Office of the VP for Communications – Keeping alumni and friends connected to U-M

  1. Working students see academic benefit

    Investment in Detroit youth pays off for students struggling with academics.

  2. ‘It’s about how we survive’

    50-year study reveals multigenerational trends and truths about poverty, families, and American culture.

  3. Just in time

    New smart technologies could revolutionize the way people cope with medical and behavioral problems.

  4. U-M on the ground in Nepal

    After surviving the massive earthquake in Nepal, U-M researchers and staff are providing relief aid to communities near the epicenter.

  5. Monitoring the future

    Whether it’s LSD or e-cigarettes, U-M researchers have spent 40 years citing the substances that captivate our nation’s youth. Learn what history has taught.

  6. The new American family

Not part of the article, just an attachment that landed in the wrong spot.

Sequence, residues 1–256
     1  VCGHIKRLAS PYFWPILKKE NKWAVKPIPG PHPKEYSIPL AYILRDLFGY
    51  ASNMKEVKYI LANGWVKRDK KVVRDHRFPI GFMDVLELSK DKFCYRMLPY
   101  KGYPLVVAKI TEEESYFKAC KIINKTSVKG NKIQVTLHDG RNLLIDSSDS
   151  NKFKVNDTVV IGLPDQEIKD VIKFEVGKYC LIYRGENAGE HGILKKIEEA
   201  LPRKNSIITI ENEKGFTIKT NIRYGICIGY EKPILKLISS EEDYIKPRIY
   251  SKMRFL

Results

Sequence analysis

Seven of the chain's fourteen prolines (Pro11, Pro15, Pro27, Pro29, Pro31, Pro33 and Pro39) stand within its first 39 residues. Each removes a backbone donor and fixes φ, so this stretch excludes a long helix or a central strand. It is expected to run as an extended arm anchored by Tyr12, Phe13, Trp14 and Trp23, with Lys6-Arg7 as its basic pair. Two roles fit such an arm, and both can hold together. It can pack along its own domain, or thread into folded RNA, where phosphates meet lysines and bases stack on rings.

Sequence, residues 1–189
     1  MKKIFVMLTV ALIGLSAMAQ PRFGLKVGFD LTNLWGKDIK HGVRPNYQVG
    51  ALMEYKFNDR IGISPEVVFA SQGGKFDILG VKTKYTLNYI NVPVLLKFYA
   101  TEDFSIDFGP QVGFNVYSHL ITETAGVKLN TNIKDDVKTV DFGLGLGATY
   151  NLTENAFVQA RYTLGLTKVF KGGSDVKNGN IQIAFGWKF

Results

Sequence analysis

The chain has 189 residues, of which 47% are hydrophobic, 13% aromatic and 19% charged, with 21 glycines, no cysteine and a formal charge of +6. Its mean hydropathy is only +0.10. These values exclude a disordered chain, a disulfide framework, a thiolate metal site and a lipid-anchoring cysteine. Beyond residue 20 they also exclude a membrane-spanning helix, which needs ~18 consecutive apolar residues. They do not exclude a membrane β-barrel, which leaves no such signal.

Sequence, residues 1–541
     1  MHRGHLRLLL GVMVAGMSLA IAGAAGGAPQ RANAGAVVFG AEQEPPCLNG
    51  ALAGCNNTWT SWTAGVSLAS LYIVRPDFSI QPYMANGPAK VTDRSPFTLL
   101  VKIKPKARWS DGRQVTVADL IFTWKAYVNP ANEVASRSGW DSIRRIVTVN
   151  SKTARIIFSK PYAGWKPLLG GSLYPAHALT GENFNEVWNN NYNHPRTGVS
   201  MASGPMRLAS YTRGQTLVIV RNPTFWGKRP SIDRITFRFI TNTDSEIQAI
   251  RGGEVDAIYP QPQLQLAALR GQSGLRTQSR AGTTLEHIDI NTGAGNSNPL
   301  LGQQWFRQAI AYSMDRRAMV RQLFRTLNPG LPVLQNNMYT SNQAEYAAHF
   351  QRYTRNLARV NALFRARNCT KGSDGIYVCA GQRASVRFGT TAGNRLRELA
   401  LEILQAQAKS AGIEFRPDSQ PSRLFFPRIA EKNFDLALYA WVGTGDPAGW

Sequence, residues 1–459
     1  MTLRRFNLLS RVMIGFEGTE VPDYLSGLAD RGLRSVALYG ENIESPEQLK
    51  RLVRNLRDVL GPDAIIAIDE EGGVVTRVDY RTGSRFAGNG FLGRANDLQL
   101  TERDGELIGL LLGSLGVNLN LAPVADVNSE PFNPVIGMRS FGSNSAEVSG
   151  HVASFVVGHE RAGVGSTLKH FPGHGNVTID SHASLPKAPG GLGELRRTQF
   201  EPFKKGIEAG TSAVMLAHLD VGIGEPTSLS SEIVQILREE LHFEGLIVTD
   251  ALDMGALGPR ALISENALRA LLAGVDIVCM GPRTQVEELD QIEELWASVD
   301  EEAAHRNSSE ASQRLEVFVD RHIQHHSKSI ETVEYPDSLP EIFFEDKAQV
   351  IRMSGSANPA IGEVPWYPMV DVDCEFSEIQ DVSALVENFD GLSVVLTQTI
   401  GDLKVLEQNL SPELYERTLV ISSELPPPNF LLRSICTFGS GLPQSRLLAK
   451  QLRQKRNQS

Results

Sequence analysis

Society’s fundamental building block has morphed from the cookie-cutter norms of the last century to a vivid array of possibilities.

  7. Aging successfully

    The new year brings an awareness that we’re all a bit older. Aging expert Robert Kahn shares timeless wisdom, which these spirited alumni clearly know.

  8. To retire or not to retire?

    Once upon a time, baby boomers were typecast as feckless do-nothings who cared only for sex, drugs, and rock ‘n’ roll. Lately, however, people born between 1946 and 1964 have taken on a new role: workaholic. According to a new U-M study, boomers now hitting retirement age are hanging onto their jobs like never before. In fact, some are forgetting to retire altogether.

  9. The hidden costs of war

    A new study from the Institute for Social Research (ISR) shows ethnic political violence has a cascading effect, stimulating violence within communities, schools, peers, and families.